So is AMP worth it? There are some definite downsides, but if the site benefits from faster pages and the extra UI that Google provides in the search results then it might be worth it. Well here it gets a little tricky and we enter the lies, damned lies and statistics zone. The AMP team cite many good statistics since sites have adopted AMP, but there are reports of AMP pages generating half as much revenue as regular pages. I can't honestly comment on those sites, but I have been using it on my site since launch so can talk about that. However I should caveat this by saying that this is a very niche site. Much as I would like to say I do, I don't get as many visitors as a large media site does. I also don't feature in any of the top stories carousels as far as I'm aware as these are typically not shown for search results were my site features. Also a lot of my posts here are very technical posts, that people may prefer to look at on their desktop, so will not be as relevant in AMP. Finally I also have a very optimised site without a lot of the advertising and other Javascript cruft that other sites have so my pages are almost as fast even without AMP. However if you are a small firm, or are a small, individual blogger like me, considering implementing AMP and are wondering if it's worth it then these stats may be of interest. I looked at some of the popular pages on this website from January 2017 until now (10th June 2017). I deliberated excluded 2016 as AMP pages were not shown in search results until near the end of 2016 and similarly other items on the page (like Disqus comments) were possible until then. The results I see are shown below:

Engagement on AMP pages versus normal HTML pages

The first two pages are for some of the technical tutorials and they show very few AMP views - these pages are obviously mostly viewed on desktop so no benefit from AMP for them.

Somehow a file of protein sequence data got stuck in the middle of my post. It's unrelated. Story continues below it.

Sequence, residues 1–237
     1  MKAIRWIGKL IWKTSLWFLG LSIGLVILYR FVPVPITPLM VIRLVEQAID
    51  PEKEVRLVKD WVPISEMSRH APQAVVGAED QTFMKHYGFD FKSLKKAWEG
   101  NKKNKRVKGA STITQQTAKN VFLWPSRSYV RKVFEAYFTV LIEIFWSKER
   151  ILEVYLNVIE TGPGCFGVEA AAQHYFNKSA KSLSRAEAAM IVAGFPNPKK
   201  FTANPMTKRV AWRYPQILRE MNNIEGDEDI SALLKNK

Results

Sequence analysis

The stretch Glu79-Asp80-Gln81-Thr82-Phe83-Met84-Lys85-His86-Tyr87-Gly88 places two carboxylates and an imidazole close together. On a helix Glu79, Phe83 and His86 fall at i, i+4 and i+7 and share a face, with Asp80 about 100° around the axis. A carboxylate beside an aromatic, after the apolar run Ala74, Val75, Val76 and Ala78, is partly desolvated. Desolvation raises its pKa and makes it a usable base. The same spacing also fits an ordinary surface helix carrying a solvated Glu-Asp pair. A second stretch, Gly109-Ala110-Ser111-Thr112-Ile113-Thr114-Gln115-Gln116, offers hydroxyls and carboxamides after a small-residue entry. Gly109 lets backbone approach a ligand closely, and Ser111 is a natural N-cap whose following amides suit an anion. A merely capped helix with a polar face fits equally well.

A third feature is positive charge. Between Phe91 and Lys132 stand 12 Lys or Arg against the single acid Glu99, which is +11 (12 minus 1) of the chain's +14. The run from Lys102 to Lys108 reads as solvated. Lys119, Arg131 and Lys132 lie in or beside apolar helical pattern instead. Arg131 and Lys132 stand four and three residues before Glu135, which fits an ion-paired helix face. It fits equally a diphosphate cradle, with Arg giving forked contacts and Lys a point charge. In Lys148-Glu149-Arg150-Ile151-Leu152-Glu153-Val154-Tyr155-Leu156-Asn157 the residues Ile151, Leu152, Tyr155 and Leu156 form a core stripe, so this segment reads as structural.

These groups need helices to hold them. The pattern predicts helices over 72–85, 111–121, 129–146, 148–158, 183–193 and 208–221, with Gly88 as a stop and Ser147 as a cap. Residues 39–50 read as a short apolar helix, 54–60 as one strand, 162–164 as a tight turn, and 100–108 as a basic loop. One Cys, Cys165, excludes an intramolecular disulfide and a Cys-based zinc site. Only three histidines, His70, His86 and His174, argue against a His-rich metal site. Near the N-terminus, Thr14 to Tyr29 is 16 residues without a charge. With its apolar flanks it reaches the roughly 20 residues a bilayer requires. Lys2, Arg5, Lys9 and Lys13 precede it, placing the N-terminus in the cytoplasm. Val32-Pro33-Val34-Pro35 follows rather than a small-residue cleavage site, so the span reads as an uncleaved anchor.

The next page on the What does the Green Padlock Really Mean? is more interesting. Half of the views are from mobile. The average time on the page is up significantly, but the bounce rate is slightly higher too. Now the way Google Analytics measures the time on the page is based on clicking on another page. When you don't visit another page (as 93%-96% of the visitors here failed to do), then it can't measure a time on the page. So I'm a little sceptical of that metric to be honest.

The final example is from my original AMP article. It shows the a good amount of traffic from AMP (23%) though ot as high as above, but a reversal of average time on page - perhaps justifying my scepticism above. Bounce rates however are similar.

I looked through other statistics with similarly inconclusive evidence. When filtering by device category I actually saw higher engagement from my mobile users from non-AMP versions of the pages. When looking at click through rates for search terms on Google, mobile (where the AMP affect should help most) were lower than desktop. Looking at other sites I manage (that haven't implemented AMP) this appears to be normal but certainly it doesn't look like my implementing AMP on this site has suddenly lead to a lot more click through thanks to the lightning symbol in AMP.

All in all I'm underwhelmed. As I mentioned I'm already a fast site, and really am quite small in the grand scheme of things, but I would have though the UI gains from implementing AMP would have led to a noticeable difference but I'm honestly struggling to see one.

Summary

When I implemented AMP initially I was skeptical and now over a year later, I'm no less skeptical. In fact I'm actually more anti-AMP than I was before. While I admire the aim of it, I still don't like the technological principals it is based on, nor Google's forcing it on people with the UI focus it is giving. I would love fast sites (like mine!) to get the lightning bolt UI in search results and therefore be rewarded for investing in performance - regardless of whether this is based on a particular platform like AMP, or through other techniques. Now I've argued this before and AMP claim that Google cannot know your site is fast without AMP, but I dispute this! Google do know this from crawling your site. OK a site owner might have changed it, or might load stuff differently for users than for Googlebot, but these are not concerns for other SEO measures so why so for performance? This was discussed in the AMP Conf panel discussion (from the 5:12:30 mark),